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William Dunkelberg, the chief economist for the National Federation of Independent Business (NFIB) is as wary of Obamacare as he was Hillarycare, even though there are exemptions for small businesses. His concerns are over mission creek and what constitutes "small business".
Barron's addresses those issues in Obamacare and Small Firms
Hillarycare was a nightmare from which the country soon awakened; Obamacare has managed to become law. While the new legislation also exempts most small businesses, Dunkelberg is again firmly convinced that the exemptions won't last. And either way, it can't be good for job creation.Businesses near the threshold of 50 will be loathe to go over that number. Should Congress act by lowering the threshold to 45, expect to see a rash of firings to get under that number.
Just when a small business gets large enough to no longer be called "small" is arbitrary. The legislation sets the exemption bar at fewer than 50 employees. And it turns out that, based on Bureau of Labor Statistics figures, there were nearly 4.7 million such firms in the U.S. last year, 95% of all private-sector firms. This 95% employed just 31.2 million workers in 2009 (down from 33 million in '07), accounting for 29.4% of all private-sector employment. Not surprisingly, Congressional Budget Office figures show that a disproportionate share of these workers lack health insurance.
The legislation waits until 2014 before imposing stiff fines on firms with 50 or more employees that do not install a government-approved health insurance plan. If Dunkelberg is right, however, then rising costs and shortfalls in revenue could lower the cutoff to 20 employees, or even 10. At a cutoff of 10, for example, one million firms (out of the 4.7 million total), would no longer be exempt. But wherever the cutoff is set, consider how the rule could affect firm behavior.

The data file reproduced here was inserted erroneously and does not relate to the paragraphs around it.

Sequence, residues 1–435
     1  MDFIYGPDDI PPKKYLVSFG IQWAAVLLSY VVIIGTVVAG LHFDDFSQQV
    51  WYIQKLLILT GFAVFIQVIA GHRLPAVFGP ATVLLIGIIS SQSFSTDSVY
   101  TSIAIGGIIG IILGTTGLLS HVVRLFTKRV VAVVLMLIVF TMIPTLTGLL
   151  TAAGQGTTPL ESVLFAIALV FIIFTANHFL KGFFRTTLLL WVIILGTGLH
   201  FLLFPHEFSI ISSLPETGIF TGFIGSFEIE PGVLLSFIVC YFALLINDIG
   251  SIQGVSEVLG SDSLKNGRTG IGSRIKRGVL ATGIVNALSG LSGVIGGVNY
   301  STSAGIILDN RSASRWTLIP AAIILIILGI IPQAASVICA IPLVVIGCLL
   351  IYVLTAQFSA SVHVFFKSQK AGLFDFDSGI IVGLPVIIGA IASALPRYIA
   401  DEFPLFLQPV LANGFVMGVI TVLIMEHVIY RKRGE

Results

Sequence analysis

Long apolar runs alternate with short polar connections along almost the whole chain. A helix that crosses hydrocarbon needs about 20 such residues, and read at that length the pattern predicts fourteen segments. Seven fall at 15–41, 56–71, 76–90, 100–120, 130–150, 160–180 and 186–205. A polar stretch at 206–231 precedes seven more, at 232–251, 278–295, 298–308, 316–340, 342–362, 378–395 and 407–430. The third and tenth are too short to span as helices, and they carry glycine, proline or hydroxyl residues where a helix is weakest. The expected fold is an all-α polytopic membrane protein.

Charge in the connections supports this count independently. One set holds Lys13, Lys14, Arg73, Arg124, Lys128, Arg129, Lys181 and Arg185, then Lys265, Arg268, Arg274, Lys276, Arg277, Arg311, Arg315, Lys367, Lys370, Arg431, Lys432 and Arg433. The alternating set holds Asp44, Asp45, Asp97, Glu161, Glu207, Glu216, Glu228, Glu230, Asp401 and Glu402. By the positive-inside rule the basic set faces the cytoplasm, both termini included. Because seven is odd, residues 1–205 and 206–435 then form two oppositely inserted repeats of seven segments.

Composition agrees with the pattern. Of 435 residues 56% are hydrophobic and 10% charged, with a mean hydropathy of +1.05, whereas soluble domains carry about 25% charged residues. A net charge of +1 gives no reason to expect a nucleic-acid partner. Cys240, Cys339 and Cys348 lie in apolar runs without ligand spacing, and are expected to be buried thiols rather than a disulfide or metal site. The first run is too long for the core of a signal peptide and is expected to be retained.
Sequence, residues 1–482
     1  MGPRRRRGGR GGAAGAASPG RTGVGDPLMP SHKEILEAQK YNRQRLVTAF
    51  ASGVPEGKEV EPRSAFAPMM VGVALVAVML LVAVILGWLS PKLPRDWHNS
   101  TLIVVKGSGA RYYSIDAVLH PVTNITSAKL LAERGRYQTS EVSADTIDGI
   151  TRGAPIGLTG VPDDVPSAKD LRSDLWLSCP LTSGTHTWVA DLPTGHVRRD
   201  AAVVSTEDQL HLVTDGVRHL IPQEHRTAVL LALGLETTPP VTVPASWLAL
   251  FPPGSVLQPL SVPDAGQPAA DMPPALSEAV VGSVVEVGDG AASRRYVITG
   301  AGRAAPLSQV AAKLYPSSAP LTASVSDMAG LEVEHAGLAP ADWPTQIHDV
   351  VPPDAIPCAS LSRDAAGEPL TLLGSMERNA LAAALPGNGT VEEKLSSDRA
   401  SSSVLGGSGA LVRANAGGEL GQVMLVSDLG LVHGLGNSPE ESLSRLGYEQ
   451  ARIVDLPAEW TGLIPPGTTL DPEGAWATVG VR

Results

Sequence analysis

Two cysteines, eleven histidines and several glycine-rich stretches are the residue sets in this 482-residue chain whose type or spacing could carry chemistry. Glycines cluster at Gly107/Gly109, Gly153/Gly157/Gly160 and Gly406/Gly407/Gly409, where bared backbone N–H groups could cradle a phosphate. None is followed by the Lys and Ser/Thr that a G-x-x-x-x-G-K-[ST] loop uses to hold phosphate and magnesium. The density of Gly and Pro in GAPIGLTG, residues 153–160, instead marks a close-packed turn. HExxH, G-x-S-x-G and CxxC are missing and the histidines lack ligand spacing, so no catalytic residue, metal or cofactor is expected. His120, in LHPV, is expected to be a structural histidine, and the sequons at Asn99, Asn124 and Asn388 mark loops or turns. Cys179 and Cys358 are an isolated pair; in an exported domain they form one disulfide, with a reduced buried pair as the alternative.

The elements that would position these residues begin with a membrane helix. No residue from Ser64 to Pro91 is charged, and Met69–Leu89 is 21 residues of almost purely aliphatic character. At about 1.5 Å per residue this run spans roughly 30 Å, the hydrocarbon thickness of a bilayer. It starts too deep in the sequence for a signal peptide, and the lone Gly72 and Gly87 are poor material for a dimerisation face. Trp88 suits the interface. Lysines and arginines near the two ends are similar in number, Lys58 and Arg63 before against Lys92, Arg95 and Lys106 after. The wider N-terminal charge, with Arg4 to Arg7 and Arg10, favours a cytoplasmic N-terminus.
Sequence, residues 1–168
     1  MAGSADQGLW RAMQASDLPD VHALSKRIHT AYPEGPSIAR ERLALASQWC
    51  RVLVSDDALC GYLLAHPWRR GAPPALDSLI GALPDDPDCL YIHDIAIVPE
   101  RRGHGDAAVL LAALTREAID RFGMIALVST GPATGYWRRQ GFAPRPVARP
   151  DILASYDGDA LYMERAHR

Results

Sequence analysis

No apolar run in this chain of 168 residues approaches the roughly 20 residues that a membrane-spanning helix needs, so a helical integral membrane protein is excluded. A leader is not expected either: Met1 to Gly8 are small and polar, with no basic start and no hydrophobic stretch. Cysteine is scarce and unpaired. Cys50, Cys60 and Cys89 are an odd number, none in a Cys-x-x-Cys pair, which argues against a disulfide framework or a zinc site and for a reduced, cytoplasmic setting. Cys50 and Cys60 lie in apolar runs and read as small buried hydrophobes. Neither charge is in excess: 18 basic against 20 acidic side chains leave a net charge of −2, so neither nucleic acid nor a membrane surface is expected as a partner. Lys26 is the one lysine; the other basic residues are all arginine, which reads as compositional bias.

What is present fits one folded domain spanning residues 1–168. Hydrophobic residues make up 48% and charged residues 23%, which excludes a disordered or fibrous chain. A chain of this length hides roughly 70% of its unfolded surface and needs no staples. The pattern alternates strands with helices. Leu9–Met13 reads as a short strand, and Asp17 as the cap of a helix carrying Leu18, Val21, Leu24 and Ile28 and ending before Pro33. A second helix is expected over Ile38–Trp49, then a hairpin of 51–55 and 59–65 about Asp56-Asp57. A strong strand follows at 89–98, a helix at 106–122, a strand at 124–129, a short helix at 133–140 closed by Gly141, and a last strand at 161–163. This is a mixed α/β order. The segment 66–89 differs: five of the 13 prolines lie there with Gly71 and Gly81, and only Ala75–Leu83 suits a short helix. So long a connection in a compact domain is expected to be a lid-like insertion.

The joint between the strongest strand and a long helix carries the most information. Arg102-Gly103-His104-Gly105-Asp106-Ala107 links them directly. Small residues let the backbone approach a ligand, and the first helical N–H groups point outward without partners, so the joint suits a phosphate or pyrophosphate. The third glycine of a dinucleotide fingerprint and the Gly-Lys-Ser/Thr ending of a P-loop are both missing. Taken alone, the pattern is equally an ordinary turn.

As Dunkelberg has noted, small-business people aren't stupid, and you don't need to be too smart to want to avoid going over the threshold if you happen to be near it. How will you know if an increase from, say, 48 employees to 51 puts you over the threshold? The rules as written are pretty specific, defining a "full-time employee" as "an employee who is employed on average at least 30 hours of service per week." And lest you think you can sneak part-time workers under that radar, another provision imposes a "full-time equivalents" formula which requires "dividing the aggregate number of hours of service of employees who are not full-time employees for the month by 120." Do the math and you'll find that a full-time equivalent comes to just 27.7 hours a week (120 hours divided by the average of 4.33 weeks in a month).
So if you want to expand, strategies you resort to might include: a) asking your full-timers, at say 35 hours, to work 40 or 45; b) firing a few workers and outsourcing their services to another firm; c) hiring more workers off-the-books; d) not expanding at all.
Note what Obama did with part-time math, describing it one way in public soundbites, but mathematically another way in the legislation. Businesses will likely be loathe to have part-timers work more than 25 hours, possibly even 20.
This adds overhead to businesses as they waste time running through bureaucratic hoops to avoid Obamacare rather than spend time running businesses.
There is one thing virtually guaranteed from this health care legislation, or for that matter any major piece of Congressional legislation: It will cost much more than projections.
How much more is subject to debate, but one must also factor in what it will do to small business formation, small business expansion, and small business hiring.
Obama Tries To Sell The Plan
Here is one curious thing about Obamacare: The legislation passed, yet the president is running around the country like a mad fool trying to sell it. It's as if the president does not know his bill passed. How often does that happen?
The setup seems ridiculous but the explanation is easy. Obama is hoping to stave off voter anger at the polls in the upcoming mid-term elections. The president knows the public was dead against this bill, but he insisted on ramming it through Congress anyway with the help of House Speaker Nancy Pelosi.
Bear in mind the president wants to ram through ridiculous cap-and-trade legislation the same way. If you want to help do something about that, please Donate to John Dennis who intends to dump Pelosi and put an end to such madness.
Mike "Mish" Shedlock
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